It had been a ‘Silent Night’ indeed when this beloved song was composed. If not for a broken pipe organ, the world likely could have been without its most popular Christmas carol. Perhaps it was that very silence that inspired the Reverend Joseph Mohr to pen those now-famous words in 1818. During the time, it was most likely pure desperation as opposed to inspiration that motivated him.
As Father Mohr ready for Christmas Eve Mass in his church inside the small Austrian village of Oberndorf, someone found that the church’s ancient organ was away from commission. With only some days to travel as well as the nearest repairman a few days journey away, it appeared as if Mass would have to commence without musical accompaniment.
Feeling thwarted in the efforts to organize an exciting Christmas, Fr. Mohr set planning to manufacture another plan. This was in the middle of all his regular parish duties, like the blessing of a newborn infant. With this particular call, Fr. Mohr was suddenly struck from the words as to what is currently called “Silent Night,” or “Stille Nacht” in the native tongue. Quickly, in order to not lose the lines which were rapidly filling his brain, he finished his call and raced home. Here he penned four stanzas, the very first of which reads in English:
Silent Night, Holy night, All is calm, all is bright, Round yon’ virgin, Mother and child. Holy infant so tender and mild, Sleep in Heavenly peace.
When he had set his words to parchment, he called upon his colleague, Franz Gruber, the musician who trained the parish choir. He were able to finagle from him the fact that, as well as his organ prowess, Gruber was a guitar player. Gruber emphatically informed him, however, that his guitar skills were lower than proficient. Undeterred, Mohr presented the phrase to his new poem to Gruber. Rounding up a dusty, little-used guitar, the two men composed the song that will provide music for Oberndorf’s Christmas Mass.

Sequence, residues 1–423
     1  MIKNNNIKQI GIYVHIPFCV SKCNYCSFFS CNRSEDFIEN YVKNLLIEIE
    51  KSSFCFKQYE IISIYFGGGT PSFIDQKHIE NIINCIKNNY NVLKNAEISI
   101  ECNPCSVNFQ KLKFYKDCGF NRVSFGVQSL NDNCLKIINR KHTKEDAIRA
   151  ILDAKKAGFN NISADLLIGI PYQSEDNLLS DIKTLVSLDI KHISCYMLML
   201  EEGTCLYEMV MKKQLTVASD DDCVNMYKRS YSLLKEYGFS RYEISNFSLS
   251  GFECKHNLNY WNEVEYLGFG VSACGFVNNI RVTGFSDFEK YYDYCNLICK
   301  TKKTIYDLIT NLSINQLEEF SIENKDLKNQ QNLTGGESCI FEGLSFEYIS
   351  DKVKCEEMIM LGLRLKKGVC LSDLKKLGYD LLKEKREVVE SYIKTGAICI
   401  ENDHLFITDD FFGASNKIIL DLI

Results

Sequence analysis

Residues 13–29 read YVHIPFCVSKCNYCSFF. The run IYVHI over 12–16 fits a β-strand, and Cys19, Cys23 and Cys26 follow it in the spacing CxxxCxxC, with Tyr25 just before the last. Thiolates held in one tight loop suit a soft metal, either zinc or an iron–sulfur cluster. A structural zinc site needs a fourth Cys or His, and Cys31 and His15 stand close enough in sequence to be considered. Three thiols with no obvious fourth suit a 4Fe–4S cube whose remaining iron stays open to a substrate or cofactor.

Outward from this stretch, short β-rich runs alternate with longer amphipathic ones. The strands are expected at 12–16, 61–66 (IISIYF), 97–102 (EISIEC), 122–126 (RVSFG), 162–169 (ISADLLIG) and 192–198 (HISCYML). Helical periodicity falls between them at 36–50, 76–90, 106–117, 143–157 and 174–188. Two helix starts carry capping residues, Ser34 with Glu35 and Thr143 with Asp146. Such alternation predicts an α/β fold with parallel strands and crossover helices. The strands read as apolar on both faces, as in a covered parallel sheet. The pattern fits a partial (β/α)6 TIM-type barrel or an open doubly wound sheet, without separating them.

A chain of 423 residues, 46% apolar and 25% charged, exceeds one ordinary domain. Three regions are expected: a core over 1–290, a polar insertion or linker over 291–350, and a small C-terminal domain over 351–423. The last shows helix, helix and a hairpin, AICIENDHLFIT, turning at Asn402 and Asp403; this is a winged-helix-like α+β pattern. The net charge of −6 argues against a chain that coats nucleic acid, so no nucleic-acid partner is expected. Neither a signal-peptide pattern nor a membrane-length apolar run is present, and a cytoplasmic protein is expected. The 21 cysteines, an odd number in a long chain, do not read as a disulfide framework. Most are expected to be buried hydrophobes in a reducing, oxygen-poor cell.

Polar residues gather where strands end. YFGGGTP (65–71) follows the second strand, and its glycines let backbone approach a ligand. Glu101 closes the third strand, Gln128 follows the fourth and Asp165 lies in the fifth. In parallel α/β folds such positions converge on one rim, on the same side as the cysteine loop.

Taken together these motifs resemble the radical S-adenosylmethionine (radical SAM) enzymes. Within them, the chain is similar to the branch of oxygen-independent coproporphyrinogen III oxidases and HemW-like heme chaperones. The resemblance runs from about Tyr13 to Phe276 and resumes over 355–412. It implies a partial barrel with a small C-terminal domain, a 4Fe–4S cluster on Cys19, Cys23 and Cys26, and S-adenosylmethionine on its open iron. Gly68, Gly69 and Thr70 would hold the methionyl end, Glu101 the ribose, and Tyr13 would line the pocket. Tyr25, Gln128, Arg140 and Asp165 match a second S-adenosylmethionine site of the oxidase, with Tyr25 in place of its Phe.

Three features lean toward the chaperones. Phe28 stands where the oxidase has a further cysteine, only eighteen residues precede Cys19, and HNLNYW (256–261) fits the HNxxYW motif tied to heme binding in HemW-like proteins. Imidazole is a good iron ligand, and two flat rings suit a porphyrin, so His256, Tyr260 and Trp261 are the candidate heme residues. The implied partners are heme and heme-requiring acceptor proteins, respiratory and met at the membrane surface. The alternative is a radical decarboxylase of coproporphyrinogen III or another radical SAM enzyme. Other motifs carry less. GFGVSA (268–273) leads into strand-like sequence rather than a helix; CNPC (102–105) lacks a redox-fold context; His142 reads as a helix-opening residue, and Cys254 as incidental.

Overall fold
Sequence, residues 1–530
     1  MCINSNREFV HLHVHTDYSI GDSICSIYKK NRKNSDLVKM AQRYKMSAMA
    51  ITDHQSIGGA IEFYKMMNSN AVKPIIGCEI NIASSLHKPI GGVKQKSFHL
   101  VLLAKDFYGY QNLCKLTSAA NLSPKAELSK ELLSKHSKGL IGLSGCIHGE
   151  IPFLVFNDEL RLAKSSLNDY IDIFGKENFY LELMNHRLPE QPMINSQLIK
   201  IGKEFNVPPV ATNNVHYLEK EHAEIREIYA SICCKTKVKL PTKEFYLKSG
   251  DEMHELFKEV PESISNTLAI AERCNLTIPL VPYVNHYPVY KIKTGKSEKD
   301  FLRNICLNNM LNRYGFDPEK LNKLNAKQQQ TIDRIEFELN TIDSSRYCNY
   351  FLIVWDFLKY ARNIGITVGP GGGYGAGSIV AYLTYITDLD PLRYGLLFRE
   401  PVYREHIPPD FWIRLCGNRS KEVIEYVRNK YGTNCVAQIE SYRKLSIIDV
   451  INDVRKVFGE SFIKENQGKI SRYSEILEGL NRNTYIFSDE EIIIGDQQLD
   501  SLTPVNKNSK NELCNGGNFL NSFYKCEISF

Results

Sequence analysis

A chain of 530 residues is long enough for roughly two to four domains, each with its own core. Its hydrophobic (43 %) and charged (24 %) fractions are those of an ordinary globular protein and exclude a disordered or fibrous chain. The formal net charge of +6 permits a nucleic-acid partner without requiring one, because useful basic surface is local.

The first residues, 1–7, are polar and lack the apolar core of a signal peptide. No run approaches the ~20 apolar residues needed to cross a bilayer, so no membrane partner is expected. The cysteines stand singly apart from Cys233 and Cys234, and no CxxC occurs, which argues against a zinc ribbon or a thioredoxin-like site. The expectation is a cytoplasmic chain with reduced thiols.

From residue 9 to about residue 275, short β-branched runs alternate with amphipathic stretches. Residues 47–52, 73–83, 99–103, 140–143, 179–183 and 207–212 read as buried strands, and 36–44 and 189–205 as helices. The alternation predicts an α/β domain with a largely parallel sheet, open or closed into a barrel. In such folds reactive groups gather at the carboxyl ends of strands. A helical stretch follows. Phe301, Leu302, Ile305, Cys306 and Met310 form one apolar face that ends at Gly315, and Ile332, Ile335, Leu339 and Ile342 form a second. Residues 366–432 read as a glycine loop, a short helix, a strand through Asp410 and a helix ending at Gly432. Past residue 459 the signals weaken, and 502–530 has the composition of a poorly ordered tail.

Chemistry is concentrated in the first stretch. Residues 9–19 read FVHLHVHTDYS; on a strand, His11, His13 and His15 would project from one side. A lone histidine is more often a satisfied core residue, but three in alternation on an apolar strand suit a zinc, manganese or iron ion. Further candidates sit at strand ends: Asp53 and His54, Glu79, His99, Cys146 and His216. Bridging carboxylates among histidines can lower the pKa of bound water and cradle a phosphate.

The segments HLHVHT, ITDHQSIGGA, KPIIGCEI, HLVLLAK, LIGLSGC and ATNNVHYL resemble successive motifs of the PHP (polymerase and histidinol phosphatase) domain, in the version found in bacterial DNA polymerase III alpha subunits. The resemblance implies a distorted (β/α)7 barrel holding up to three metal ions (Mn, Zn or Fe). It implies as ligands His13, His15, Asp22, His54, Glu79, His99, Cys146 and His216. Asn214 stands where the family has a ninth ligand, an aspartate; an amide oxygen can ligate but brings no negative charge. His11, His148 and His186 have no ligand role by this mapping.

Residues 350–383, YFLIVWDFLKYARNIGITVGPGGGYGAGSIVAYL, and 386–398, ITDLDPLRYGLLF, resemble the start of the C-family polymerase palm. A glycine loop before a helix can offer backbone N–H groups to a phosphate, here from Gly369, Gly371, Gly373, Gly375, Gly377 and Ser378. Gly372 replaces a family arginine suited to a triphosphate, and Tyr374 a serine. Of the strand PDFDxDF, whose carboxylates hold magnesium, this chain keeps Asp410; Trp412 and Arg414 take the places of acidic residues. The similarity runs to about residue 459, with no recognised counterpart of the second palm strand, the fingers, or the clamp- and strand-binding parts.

It was unlikely during the time that either Mohr or Gruber had any inkling of the impact they would have on history. Actually, the song disappeared into near obscurity to get a decade. It was then that Silent Night Lyrics fell into the hands in the Strasser group of Zillertal Valley.
The four young, musically-trained Strasser children spent many one hour drumming up business for his or her parents’ glove-making business by singing while watching shop. In a manner not unlike a modern day talent agent discovering some secret talent within the unlikeliest of places, “Silent Night” was exposed to the Strassers. Rearranged from two-part to four-part harmony, the Strasser children were catapulted to instant renown making use of their rendition. Valley residents renamed it “The Song From Heaven,” considering that the Strasser children sounded a great deal like a choir of angels when they performed it. They sang so beautifully, in reality, the Strassers were invited to do it before kings and queens.
The Nativity Story is remarkable in the usage of music, including traditional tunes of the season like Veni Emmanuel, Carol from the Bells, and Silent Night–some choral plus some instrumental–introduced in a tasteful, tjuotf way, and coupled with an authentic score with by Mychael Danna that includes a distinctly middle-eastern flavor. You might want to read Jonathan Broxton’s more detailed report on the film’s music.
It could have been a king who placed “Silent Night” indelibly on the lips of Christendom. King Frederick William IV of Prussia heard it sung some 22 years following the Strasser children began performing “The Song from Heaven.” Afterward, he asserted that it ought to “get first place in all future Christmas concerts” within the domain of his rule. Whether or not this really was or not isn’t certain. Precisely what is certain is the fact that “Silent Night” breached King Frederick’s bounds to get loved around the world.